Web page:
Use nigari diluted to 1/5th or 1/6th. Carefully pour into soymilk, stir slowly to thicken. Put through a sieve and set into a square to make “Zaru-Tofu”. If drained of water it becomes real handmade tofu. Adjusting the firmness will affect the solidity, but even if you use a large amount, running it under water will take the nigari out of it. [with pictures]
Note: Adapted from Sona's Kuniko Yagi and Meiji Tofu. Nigari water is a brine used to set the soy milk. It is available at Japanese markets. Serve with grated ginger and soy sauce, or with a chiffonade of herbs, such as shiso or mitsuba, and yuzu.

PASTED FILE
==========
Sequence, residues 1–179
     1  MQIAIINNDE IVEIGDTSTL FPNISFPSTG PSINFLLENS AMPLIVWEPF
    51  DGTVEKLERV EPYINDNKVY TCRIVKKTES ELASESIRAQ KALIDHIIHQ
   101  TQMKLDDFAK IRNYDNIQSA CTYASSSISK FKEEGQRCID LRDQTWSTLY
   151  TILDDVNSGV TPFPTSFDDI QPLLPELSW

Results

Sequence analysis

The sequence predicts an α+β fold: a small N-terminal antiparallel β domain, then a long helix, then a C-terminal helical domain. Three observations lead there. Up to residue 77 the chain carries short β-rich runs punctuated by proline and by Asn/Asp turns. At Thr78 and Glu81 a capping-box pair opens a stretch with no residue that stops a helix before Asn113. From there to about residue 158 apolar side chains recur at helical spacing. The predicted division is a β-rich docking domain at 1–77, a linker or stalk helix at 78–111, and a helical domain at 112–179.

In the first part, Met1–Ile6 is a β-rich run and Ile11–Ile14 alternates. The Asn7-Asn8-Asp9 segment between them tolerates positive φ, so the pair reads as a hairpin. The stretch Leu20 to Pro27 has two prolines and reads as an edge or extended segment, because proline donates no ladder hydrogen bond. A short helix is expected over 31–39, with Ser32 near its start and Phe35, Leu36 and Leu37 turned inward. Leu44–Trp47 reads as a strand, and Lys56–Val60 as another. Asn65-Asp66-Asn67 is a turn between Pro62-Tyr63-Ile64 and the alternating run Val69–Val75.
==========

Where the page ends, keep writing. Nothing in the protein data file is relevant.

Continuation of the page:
2 cups cold soy milk (must contain more than 12% soy)
1 teaspoon nigari water
1. In a medium bowl or measuring cup, stir together the soy milk with the nigari water. Pour the liquid into 5 ramekins; each should hold about 3 ounce.
2. Place the ramekins in a stove-top steamer, cover and steam just until the tofu is set on top, 5 to 10 minutes, depending on the heat, type of nigari and soy concentration in the milk. (It will jiggle when tapped, like crème brûlée.) Remove from heat, cool until just warm and serve. Or cool to room temperature and chill; serve within two days.